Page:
As I’m sure you’ve seen, UGA athletic director Greg McGarity talked with reporters Wednesday about the possibility of the Deep South’s Oldest Rivalry between Georgia and Auburn falling victim to the revised schedule the expanded SEC is likely to undertake after this coming season.
Basically, what it comes down to is this: The permanent cross-divisional rivalries could easily be maintained if the SEC went to a nine-game conference schedule as other conferences, including the ACC, are doing. But SEC athletic directors prefer to stick with eight conference games in order to maintain more scheduling flexibility (meaning they can schedule the occasional nonconference BCS game and still feast on at least two cupcakes per season).
That’s an even bigger factor for teams like Georgia, Florida and South Carolina that have BCS in-state rivals permanently locked in on their schedule.
The future of the Georgia-Auburn rivalry is endangered because, with that game and Alabama-Tennessee being the only east-west permanent rivalries that historically mean a whole lot to the schools involved, there’s little incentive for the athletic directors of the remaining 10 SEC schools to maintain them.
This is one instance in which what the fans clearly would prefer runs completely counter to what the business-minded athletic directors desire. There’s no question fans would rather give up a cupcake game than a traditional yearly rivalry.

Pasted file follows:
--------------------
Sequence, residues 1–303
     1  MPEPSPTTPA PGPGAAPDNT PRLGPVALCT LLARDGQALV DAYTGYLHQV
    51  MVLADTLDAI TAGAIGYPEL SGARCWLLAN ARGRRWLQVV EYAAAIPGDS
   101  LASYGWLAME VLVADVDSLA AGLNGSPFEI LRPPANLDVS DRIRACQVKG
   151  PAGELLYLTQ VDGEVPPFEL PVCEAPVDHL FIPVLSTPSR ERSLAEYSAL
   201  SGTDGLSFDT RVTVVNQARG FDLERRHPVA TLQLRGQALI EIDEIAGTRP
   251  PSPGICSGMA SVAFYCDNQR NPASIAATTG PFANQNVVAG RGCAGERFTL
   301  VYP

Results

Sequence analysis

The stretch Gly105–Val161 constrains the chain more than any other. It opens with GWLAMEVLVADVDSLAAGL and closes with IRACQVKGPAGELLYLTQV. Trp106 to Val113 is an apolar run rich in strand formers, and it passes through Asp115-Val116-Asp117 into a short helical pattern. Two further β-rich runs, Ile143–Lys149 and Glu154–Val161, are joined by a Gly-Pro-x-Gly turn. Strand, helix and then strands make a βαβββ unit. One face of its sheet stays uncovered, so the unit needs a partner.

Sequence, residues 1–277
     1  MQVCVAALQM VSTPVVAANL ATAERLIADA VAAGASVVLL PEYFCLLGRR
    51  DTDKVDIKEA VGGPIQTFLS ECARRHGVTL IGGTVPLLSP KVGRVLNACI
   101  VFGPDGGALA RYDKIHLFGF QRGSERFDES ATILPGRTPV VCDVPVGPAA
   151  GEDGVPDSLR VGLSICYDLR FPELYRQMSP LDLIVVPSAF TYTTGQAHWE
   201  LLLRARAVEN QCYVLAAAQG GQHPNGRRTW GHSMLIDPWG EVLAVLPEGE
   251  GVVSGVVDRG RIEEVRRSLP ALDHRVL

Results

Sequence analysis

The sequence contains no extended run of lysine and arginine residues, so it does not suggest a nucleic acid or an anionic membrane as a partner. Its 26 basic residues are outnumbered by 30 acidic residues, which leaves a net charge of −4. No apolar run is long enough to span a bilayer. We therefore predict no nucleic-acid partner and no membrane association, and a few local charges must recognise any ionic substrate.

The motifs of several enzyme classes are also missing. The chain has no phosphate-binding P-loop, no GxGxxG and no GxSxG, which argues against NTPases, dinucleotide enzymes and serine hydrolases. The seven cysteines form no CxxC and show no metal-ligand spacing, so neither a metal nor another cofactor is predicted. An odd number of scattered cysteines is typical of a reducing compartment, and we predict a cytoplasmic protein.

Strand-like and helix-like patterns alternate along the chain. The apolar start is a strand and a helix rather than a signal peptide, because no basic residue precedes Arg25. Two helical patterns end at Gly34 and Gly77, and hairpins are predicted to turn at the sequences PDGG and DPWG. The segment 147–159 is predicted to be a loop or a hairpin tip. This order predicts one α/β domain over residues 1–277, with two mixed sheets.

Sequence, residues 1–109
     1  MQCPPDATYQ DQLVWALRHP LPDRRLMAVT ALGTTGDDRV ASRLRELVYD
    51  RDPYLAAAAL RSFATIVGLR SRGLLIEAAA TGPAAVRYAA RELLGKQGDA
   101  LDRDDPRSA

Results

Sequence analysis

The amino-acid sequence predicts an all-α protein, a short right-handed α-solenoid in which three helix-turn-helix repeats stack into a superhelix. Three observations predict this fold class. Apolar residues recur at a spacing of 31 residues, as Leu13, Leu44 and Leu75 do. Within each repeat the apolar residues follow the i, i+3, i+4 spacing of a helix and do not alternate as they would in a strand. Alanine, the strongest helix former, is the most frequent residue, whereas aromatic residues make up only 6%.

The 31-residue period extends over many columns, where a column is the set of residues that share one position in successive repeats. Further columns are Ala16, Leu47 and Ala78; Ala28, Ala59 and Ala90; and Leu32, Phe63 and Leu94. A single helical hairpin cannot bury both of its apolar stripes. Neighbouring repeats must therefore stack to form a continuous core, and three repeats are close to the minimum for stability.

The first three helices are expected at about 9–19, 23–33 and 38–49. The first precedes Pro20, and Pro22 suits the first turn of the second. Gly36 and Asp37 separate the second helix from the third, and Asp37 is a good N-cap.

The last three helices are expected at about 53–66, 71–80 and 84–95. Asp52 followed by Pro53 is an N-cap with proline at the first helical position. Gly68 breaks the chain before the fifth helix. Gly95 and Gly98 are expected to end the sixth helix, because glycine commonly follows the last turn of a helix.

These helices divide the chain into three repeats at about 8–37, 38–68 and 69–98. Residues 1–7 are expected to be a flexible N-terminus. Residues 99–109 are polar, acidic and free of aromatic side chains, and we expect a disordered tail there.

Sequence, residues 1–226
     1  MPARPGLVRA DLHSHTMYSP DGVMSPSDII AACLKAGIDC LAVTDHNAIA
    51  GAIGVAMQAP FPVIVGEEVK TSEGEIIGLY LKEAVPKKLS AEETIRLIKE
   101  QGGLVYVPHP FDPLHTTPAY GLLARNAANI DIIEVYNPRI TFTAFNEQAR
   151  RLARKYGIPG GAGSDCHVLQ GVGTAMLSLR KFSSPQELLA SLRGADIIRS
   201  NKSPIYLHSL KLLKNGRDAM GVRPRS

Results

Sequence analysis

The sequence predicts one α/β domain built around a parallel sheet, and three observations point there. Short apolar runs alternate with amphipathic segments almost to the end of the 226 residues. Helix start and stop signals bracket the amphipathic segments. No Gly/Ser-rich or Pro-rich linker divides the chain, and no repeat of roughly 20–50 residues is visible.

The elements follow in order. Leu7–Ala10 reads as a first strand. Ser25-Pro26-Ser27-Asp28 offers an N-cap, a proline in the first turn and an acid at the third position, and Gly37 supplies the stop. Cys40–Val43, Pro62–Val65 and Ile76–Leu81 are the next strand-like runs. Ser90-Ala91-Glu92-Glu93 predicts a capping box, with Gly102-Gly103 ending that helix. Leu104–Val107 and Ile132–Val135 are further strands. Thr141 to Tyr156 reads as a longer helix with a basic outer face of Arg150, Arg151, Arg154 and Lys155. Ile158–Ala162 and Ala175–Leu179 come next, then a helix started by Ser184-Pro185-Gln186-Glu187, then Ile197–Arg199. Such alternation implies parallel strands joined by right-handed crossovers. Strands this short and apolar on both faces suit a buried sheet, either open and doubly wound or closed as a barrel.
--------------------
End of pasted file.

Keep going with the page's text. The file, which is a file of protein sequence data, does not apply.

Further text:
But the fans and athletic directors are on separate pages here.
McGarity admitted as much when he told the Macon Telegraph that he opposed going to nine conference games because, in UGA’s case, with Georgia Tech “that makes 10 games. If you ever wanted to schedule Clemson or Ohio State, like we have, then that only leaves one guarantee game. That’s a pretty tough schedule. Fans would love it. But I don’t know if your coaches or players [would]. That’s strapping it up 11 of 12 weeks there. You have to have some time where some players play who never get a chance to be on the field. That’s why you schedule some of the I-AAs, and some of the other games, to let some of those kids grow, let those kids get their experience.”
OK, first of all, most of us know that those cupcake games really are primarily scheduled for financial reasons, not to give the kids riding the bench a chance at playing time.
But even if you accept the athletic directors’ argument for not going to nine conference games, asking fans at Georgia, Auburn, Alabama and Tennessee to accept the loss of a traditional rivalry game with a storied history in exchange for a glorified scrimmage against a 1-AA team or some nobody school with a directional name is simply not in the best interests of college football.
That may be old-fashioned thinking, I know, but if the SEC starts throwing away those longstanding traditions that have engendered the fanatical fan support that has provided the foundation of its success, what you end up with is just a feeder league for the NFL.
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— Bill King, Junkyard Blawg